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Epiphany and Giving Out Stars

One of the most loved traditions in our church is the celebration of Epiphany Sunday.  On that day, each member draws a star with a word from the basket and that word becomes the person’s word for the year.  You cannot put the word back, and you may need a year to figure out the meaning of that word in your life.  Many put the star word on the refrigerator just to be reminded to wonder about it. While some would be hard pressed to explain the Epiphany tradition, people make sure they are present on ‘Star Sunday.” No one wants to miss chance to get their star.

The name “Epiphany” comes from the Greek word Epiphania, and means “to show, make known, or reveal.” The Epiphany celebration originated in the Eastern Church in AD 361, beginning as a commemoration of the birth of Christ. Later, additional meanings were added – the visit of the three Magi, Christ’s baptism in the Jordan River, and his first miracle at the wedding in Cana.

Perhaps Jan Richardson captures our sentiment the best; the star represents the hope that beckons.

A Blessing for Epiphany
by Jan Richardson

If you could see
the journey whole,
you might never
undertake it,
might never dare
the first step
that propels you
from the place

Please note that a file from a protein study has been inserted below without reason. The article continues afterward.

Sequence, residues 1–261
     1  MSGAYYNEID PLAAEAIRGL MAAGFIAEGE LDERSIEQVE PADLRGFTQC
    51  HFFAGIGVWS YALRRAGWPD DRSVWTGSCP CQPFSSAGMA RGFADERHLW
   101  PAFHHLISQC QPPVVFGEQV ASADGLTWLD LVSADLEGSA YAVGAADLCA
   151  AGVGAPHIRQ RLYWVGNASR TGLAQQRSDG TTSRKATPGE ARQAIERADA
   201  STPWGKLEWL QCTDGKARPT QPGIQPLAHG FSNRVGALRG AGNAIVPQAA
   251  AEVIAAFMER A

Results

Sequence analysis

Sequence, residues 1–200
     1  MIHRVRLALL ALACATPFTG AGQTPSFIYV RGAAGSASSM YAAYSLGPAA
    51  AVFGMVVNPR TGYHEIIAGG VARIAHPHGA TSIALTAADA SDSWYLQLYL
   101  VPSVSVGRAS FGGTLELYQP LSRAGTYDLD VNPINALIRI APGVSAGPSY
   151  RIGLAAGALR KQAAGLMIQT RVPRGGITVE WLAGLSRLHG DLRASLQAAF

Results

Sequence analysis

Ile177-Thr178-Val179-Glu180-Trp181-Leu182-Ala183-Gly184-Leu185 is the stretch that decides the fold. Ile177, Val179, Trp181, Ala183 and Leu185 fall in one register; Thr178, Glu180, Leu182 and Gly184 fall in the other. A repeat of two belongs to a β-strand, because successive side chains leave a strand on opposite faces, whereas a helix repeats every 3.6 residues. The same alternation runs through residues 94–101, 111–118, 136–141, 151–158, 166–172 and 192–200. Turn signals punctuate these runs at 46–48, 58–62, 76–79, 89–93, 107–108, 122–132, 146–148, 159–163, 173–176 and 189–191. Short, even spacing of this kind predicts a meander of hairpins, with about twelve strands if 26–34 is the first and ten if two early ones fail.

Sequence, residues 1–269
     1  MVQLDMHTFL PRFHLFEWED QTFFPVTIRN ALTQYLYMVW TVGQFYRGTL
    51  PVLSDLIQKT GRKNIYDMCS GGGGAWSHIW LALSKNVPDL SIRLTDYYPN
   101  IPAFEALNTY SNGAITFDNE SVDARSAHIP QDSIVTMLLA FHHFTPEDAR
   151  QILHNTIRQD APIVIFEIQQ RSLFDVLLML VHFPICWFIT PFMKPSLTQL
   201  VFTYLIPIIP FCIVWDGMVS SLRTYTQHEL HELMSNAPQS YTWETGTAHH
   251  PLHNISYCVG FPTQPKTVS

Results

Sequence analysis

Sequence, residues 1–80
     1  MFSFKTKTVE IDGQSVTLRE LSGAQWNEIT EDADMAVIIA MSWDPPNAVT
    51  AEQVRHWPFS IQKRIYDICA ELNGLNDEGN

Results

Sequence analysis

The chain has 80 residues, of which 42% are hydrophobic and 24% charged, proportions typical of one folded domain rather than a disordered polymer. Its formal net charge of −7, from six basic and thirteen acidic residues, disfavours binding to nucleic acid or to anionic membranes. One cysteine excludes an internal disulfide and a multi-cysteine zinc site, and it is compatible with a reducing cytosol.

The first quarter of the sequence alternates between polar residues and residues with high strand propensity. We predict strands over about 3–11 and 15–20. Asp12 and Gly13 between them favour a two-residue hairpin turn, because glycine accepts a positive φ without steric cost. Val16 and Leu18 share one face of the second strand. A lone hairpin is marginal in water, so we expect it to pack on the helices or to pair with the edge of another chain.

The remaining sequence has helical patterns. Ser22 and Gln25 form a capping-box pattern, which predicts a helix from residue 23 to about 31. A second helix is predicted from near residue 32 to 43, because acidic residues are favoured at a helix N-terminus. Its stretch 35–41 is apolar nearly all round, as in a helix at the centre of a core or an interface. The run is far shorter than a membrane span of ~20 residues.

you have known
toward the place
you know not.

Call it
one of the mercies
of the road:
that we see it
only by stages
as it opens
before us,
as it comes into
our keeping,
step by
single step.

There is nothing
for it
but to go,
and by our going
take the vows
the pilgrim takes:

to be faithful to
the next step;
to rely on more
than the map;
to heed the signposts
of intuition and dream;
to follow the star
that only you
will recognize;

to keep an open eye
for the wonders that
attend the path;
to press on
beyond distractions,
beyond fatigue,
beyond what would
tempt you
from the way.

There are vows
that only you
will know:
the secret promises
for your particular path
and the new ones
you will need to make
when the road
is revealed
by turns
you could not
have foreseen.

Keep them, break them,
make them again;
each promise becomes
part of the path,
each choice creates
the road
that will take you
to the place
where at last
you will kneel

to offer the gift
most needed—
the gift that only you
can give—
before turning to go
home by
another way.

—Jan Richardson
from Circle of Grace
“© Jan Richardson. janrichardson.com.”